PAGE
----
This is a simple equalization, presuming that similar glass was used for each lens.
Of course, the manufacturing precision and the profile are also important. The meniscus profile is not too good at reducing the spherical aberration, but in cases of very high focal ratio (like Surplusshed's meniscus 40mmx4000fl) this aspect is negligible.
The 17th century opticians/astronomers adopted a x=~1.6...1.65.
In my opinion, a singlet objective with x=1.4 to 1.7 gives good images. If x>=2.2, then the views through the refractor are very good indeed!
For x=1.5: a 40mm aperture lens should have N=x*D=60, but a 70mm diameter objective needs a N=105 (or F=7350mm)!
I took some photos in afocal mode, with a Canon A530 fixed behind the eyepiece (Plossl f=25mm).
First, the optical tube in provisional form:
1. A terestrial mosaic (levels adjustment and resized), target at 58m (~63yds):
2. A crop100% from another frame, unprocessed... an artificial star:
3. A street light at 53m (~58yds), mosaic, unprocessed:
note: USlim means the resolving power for 40mm entrance pupil.
And finaly, some astro pictures through a slightly shorter focus lens (F=2030mm; D=38mm), all are processed.
4. Moon, mosaics of singles frames:
5. Jupiter, a stack of 98 frames:
Posted 03 June 2011 - 03:16 PM
This makes me interested in continuing a silly project I played with a couple of years ago - to make some simple lenses from acrylic plastic (Perspex / lucite). I used very simple tools and grinding materials made from household items (carefully supported emery paper, metal polish etc on tools made from wall patch compound) and was easily able to make convex & concave lenses - completely random focal lengths, of course. One advantage was that the material worked rapidly.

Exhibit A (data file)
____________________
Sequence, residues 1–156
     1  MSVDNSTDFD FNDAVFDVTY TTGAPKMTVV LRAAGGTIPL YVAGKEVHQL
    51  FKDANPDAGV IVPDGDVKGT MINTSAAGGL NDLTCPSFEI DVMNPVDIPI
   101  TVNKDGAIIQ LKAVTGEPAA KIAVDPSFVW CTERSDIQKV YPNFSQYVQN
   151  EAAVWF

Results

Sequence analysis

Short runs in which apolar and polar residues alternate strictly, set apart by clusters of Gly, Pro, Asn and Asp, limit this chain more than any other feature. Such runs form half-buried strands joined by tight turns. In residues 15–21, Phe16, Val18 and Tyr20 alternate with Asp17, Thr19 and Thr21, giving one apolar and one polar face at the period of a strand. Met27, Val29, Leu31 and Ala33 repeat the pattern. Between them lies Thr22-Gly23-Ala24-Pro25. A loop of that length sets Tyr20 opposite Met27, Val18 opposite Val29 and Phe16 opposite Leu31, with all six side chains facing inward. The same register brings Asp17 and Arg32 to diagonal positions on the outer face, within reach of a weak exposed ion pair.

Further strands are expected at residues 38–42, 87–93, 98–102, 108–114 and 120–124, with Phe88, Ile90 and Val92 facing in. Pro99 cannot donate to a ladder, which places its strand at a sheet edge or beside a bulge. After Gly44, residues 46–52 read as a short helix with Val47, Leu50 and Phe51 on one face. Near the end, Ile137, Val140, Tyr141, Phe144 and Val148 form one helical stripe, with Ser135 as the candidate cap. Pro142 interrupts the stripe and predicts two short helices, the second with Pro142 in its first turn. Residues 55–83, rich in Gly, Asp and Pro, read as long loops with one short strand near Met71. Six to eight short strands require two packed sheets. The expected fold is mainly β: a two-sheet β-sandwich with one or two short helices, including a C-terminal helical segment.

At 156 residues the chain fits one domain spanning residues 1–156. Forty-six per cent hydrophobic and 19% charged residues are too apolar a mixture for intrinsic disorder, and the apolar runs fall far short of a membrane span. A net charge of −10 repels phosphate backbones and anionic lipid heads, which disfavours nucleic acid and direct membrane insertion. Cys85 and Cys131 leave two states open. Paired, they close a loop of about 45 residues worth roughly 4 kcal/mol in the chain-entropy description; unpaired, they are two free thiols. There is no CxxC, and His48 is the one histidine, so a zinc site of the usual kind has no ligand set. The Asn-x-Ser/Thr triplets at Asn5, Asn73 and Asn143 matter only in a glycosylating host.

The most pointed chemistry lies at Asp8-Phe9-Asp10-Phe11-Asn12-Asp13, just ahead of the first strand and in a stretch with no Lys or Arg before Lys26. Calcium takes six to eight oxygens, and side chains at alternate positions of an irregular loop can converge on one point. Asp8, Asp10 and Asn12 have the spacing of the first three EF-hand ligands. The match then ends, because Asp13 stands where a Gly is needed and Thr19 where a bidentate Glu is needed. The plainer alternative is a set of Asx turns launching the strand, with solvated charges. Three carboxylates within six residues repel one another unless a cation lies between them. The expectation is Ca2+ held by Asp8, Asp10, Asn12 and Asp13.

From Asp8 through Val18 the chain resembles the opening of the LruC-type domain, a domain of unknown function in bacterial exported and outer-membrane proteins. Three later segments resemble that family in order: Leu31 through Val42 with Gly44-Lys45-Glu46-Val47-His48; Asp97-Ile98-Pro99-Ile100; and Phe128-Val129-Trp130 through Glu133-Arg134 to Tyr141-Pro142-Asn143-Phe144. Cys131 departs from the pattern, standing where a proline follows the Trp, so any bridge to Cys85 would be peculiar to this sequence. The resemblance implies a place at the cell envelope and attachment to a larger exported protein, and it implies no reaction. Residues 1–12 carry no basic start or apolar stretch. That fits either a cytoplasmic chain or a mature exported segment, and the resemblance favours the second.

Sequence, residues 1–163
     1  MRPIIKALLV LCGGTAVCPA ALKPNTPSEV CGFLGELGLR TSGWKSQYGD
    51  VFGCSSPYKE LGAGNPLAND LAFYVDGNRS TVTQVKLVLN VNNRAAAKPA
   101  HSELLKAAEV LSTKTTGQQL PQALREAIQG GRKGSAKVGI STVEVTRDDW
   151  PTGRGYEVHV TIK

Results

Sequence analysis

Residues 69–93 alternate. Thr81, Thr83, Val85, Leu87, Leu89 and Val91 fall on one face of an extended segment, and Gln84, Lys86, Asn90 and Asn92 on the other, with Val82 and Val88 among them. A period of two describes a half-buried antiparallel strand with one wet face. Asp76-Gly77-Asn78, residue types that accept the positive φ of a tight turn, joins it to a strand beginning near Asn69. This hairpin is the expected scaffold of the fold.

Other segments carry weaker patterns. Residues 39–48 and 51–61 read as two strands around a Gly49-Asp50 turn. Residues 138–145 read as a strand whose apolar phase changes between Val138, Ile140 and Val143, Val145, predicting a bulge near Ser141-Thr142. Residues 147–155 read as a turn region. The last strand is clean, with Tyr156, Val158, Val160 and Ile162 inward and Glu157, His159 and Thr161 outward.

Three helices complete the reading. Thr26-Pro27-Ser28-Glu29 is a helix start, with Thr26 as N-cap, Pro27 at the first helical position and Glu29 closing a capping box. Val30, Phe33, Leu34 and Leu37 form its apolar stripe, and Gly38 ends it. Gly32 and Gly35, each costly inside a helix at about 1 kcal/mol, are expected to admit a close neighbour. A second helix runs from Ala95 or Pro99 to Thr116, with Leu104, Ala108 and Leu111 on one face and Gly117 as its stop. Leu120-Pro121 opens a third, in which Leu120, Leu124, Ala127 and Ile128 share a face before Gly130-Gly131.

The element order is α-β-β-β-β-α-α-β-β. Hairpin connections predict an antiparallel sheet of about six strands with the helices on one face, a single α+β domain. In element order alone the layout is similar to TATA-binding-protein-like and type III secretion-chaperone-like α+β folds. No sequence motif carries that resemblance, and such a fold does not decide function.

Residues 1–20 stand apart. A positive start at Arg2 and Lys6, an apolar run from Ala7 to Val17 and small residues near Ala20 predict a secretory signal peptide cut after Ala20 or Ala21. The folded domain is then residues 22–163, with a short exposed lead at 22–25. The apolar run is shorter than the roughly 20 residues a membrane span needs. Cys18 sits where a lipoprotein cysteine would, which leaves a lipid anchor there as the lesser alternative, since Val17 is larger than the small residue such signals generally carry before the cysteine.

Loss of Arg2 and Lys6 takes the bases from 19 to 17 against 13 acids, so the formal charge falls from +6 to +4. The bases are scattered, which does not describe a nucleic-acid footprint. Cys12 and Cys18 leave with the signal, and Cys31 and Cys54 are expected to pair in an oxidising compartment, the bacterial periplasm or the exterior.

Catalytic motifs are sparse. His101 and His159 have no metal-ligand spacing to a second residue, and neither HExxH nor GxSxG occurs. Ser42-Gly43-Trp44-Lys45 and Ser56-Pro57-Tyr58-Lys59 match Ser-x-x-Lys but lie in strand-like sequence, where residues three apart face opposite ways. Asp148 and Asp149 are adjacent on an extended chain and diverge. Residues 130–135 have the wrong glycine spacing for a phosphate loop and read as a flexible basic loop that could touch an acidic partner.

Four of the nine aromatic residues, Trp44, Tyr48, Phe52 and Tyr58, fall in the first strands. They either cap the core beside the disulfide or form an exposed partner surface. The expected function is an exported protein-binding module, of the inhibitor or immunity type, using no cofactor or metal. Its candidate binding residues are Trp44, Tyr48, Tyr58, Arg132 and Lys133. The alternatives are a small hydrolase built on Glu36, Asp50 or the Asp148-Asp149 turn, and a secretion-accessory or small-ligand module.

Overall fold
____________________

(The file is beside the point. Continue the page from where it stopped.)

This technique would play easily into the looooong refractor experiments, since the curves required are so gentle. I think it would be quite easy to make a 3" lens. The smaller version I made (perhaps 1.5 or 2", I forget) seemed to be quite good - much better than a magnifying glass, and yielded reasonable images with a home made concave EP in a Galilean setup - I guess f/15 or f/20.
I think the viewss are so good because the objective is significantly above the atmosphere, so avoids a lot of the effects of seeing. Also the long tube gets you much closer to the target of interest
Posted 04 June 2011 - 03:20 AM
I designed a 60mm achromat that uses B270 crown, and SF1 flint. It has a focus of 94.43", and radii as follows:
When green is in focus as a tiny dot, red and blue are almost totally within the airy disc. If anyone is interested, I can post details of plots later. It's designed to be cemented/oiled, so there's only 2 exposed glass surfaces. Glass is easy to obtain, and it's essentially apo performance with 19th century tech.
(steampunk comes to mind!)
Posted 04 June 2011 - 04:08 AM
Posted 04 June 2011 - 05:34 AM
most used for solar observing
Posted 04 June 2011 - 05:45 AM
Ed Jones makes a 4 inch 80 footer
most used for solar observing
Posted 04 June 2011 - 03:54 PM
then look at distance to lens
that a 9 inch prime focus size - no eyepiece
Posted 04 June 2011 - 04:53 PM
Posted 04 June 2011 - 05:37 PM
the longest i ever heard of was 600 feet FL
somewhere in France
Posted 04 June 2011 - 08:24 PM
12-60 footers can be mounted with tube and tacle mount
Posted 05 June 2011 - 02:46 AM
Posted 05 June 2011 - 04:38 AM
i had one on gallery
took it off
ill have to look
Posted 05 June 2011 - 04:40 AM
but mirrors were awful in 1600's
this -> folding refractor